Koenigsegg Jesko Absolut 3

Koenigsegg Jesko Absolut: They Say It’s a Daily Driver?! Is That True?

  • The Koenigsegg Jesko Absolut can be a daily driver according to the company.
  • With over 1,000 lb-ft. of torque, it’s a sensible vehicle to drive to the office.
  • If you are really doing this, then we want to work where you do. No, seriously.

The Koenigsegg Jesko Absolut is, to put it mildly, staggering. It is the fastest Koenigsegg ever made, and the company implies they will never attempt to make a faster series-production road car. Ever. Be that as it may, you can stay with the more track-oriented Jesko, or go for the Jesko Absolut, but the bottom line is this: The fastest Koenigsegg ever – forever.

The Swedes are an interesting lot, no? They’re all calm and rational and clean designs and everything makes sense, then BAM!, a battle axe right upside your head. The Koenigsegg Jesko Absolut is just like that: a battle axe right upside your noggin.

Koenigsegg Jesko Absolut: Aerodynamics

We’ll get to the axe (the sharp part anyway) in a minute, but first, let’s look at the handle. Koenigsegg went bonkers with the aerodynamics for the Jesko Absolut. Every surface element has been purposefully constructed to reduce drag and turbulence at higher speeds. The Jesko Absolut is a more seamless and stealthier interpretation of the Jesko.

The Jesko Absolut has a drag coefficient of only 0.278 Cd, impressive given how big the tires are (Michelin Pilot Sport Cup 2 R: 265/35/20 front, 325/30/21 rear). Combine the low drag with a small frontal area (1.88 m2), mix in 1,600 bhp (on E85 fuel), and you see where this is heading.

Koenigsegg Jesko Absolut 1
Koenigsegg Jesko Absolut rear profile. Photo: Koenigsegg Automotive AB.

Power-to-Weight Ratio: One to 1

What this eventually boils down to is Koenigsegg’s fanatical quest of achieving One:1. That is one (metric) ton of weight for each 1,000 kilowatts of power. And not only in a track situation, but with a tank of fuel, luggage, and two people inside.

The Koenigsegg Jesko Absolut benefits from carbon fiber wishbones in the suspension, along with a carbon fiber/kevlar body. Dry weight is 2,843 lbs. with a curb weight of 3,064 lbs.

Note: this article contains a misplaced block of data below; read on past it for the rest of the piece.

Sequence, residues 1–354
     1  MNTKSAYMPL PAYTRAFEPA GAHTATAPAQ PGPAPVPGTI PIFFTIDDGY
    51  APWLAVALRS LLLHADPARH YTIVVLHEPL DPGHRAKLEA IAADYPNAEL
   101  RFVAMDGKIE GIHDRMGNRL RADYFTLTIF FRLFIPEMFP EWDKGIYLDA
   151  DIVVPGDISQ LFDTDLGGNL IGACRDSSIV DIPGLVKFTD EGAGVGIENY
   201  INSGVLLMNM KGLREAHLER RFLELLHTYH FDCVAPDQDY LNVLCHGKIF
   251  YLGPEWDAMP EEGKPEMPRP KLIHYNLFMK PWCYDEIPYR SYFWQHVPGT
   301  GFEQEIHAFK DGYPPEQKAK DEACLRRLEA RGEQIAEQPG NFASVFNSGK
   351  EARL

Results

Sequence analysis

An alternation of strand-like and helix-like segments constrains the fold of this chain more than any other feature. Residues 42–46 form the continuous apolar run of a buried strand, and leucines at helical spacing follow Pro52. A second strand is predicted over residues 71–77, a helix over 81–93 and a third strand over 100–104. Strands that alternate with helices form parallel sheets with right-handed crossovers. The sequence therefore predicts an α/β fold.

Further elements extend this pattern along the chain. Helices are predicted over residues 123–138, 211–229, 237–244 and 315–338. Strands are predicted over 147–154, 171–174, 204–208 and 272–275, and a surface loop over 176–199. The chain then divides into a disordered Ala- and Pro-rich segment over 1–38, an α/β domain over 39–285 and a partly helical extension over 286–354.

The Jesko Absolut loses the massive spoiler from the regular Jesko, and in addition to giving the car a sleeker appearance, it also contributes to that low Cd. Koenigsegg added two fins to replace the rear spoiler, taking their inspiration from the F-15 fighter jet for the design. The twin fins clean up airflow over the rear end, which stabilizes the Jesko Absolut at high speeds and reduces drag.

Koenigsegg Jesko Absolut and Jesko.
Koenigsegg Jesko Absolut and Jesko. Photo: Koenigsegg Automotive AB.

Engine & Transmission Tech

Right there in the middle of the Jesko Absolut is the axe itself: a twin-turbo 5.0-liter V8 that cranks out 1,600 bhp with a max torque rating of 1,500 Nm (about 1,100 lb-ft. of torque). The plant is fitted with a 180-degree crankshaft, dry sump lubrication, and a carbon fiber intake manifold. At the end of the day, the engine can hit an 8500-rpm rev limit.

The lump is mated to a Koenigsegg-developed and produced nine-speed Light Speed Transmission. The system is designed to allow gear changes instantaneously, regardless of how many gears are skipped. It uses something called Ultimate Power On Demand. Get this: it’s a predictive gear-change technology that ensures instant, abundant power is always available in the correct gear for maximum acceleration. 

And Koenigsegg hasn’t even fully wrung everything out yet! “Looking at the math and our advanced simulations – it will be unbelievably fast,” the company said in their press release.

Koenigsegg Jesko Absolut and Jesko.
Photo: Koenigsegg Automotive AB.

Koenigsegg Jesko Absolut: Daily Driver?

Koenigsegg says the Jesko Absolut is truly comfortable and “streetable.” They use terms like “daily driver” and I don’t think they’re joking. They make mention of storage space and ride quality. They need to check the dosages on their meds.

Still, jump inside the Jesko Absolut and find leather or Alcantara seats, power windows, adjustable pedals and steering wheel, climate control, and Apple CarPlay. There is even a reverse camera! So who knows, maybe this thing is a daily driver after all?

Tony Borroz has spent his entire life racing antique and sports cars. He is the author of Bricks & Bones: The Endearing Legacy and Nitty-Gritty Phenomenon of The Indy 500, available in paperback or Kindle format. Follow his work on Twitter: @TonyBorroz

Photos & Source: Koenigsegg Automotive AB.